Biosolids: Waste to fertilizer to – pollution?

biosolidstruck In: Biosolids: Waste to fertilizer to - pollution? | Our Santa Fe River, Inc. | Protecting the Santa Fe River in North Florida

More problems associated with our waste and pollution.  This is a direct connection from our biosolids disposal to toxic algae, with toxins far above the danger mark. Concerns for health issues caused by microsystins are increasing.

We should also be concerned for our neighborhood, as biosolids have been  deposited near the Santa Fe River for years.

We are such slow learners where money is involved.

Read this article here in Florida Trend.

Comments by OSFR historian Jim Tatum.
-A river is like a life: once taken, it cannot be brought back-


Biosolids: Waste to fertilizer to – pollution?

Blue Cypress Lake contains microcystin levels thousands of times above the amount considered hazardous to humans.

Jason Garcia | 11/28/2018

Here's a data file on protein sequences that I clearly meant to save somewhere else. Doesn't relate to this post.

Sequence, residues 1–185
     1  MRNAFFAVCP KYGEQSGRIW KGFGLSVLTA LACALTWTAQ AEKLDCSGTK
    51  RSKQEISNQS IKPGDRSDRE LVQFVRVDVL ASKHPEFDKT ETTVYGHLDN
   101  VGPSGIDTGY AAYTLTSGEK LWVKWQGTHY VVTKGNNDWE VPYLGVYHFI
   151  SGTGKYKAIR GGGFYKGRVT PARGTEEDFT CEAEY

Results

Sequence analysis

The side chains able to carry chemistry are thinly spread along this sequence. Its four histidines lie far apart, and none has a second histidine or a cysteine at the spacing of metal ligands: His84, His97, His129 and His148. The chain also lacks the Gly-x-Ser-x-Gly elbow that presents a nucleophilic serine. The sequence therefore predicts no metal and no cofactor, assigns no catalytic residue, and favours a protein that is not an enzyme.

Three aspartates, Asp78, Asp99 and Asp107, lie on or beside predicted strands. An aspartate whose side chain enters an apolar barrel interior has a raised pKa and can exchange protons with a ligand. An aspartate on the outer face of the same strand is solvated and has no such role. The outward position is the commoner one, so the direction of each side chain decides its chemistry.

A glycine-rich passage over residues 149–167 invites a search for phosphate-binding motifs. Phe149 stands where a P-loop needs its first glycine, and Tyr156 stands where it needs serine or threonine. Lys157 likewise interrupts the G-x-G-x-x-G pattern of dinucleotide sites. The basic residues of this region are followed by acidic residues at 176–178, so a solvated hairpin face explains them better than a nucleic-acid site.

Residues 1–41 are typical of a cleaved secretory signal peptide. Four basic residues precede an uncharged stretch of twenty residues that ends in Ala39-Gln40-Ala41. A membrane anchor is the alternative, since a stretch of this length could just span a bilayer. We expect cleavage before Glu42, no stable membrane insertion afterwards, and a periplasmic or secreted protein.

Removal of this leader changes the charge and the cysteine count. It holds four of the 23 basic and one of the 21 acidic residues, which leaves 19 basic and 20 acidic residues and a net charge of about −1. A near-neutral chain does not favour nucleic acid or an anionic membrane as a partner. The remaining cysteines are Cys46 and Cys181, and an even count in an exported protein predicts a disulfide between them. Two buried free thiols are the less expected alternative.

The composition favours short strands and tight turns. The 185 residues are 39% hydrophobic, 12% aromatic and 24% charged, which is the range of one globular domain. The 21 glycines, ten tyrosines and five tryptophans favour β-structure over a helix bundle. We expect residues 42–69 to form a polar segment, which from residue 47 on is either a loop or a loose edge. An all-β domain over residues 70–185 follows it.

Five years ago, a ranch bordering Blue Cypress Lake began using treated waste from municipal sewage plants as a cheap source of fertilizer. Known formally as biosolids and less formally as sludge, the material has been treated to control or kill pathogens and avoid attracting insects, rodents and birds. But it also contains lots of phosphorous, which, when washed into rivers and lakes, fuels the growth of algae.

Toxic blue-green algae have begun blooming in Blue Cypress Lake. Tests conducted this year by the Ocean Research & Conservation Association of Fort Pierce found that the lake’s algae contained the toxin microcystin at a rate of 4,700 parts per billion, says Edie Widder, ORCA’s founder, CEO and senior scientist. For context: The World Health Organization says recreational waters with microcystin levels above 10 parts per billion are hazardous to human health.

“So often, we have so many potential sources of pollution. But there really aren’t any out there (at Blue Cypress Lake), except the biosolids,” Widder says. “It’s such a clear-cut case because there’s nothing else out there. And since 2013, when they started spreading biosludge out there, they’ve spread more than 22,000 dry tons. Which is a staggering amount.”

Also in this article: Ocean Research & Conservation Association; Pressley Ranch; Edie Widder; George O’Connor.

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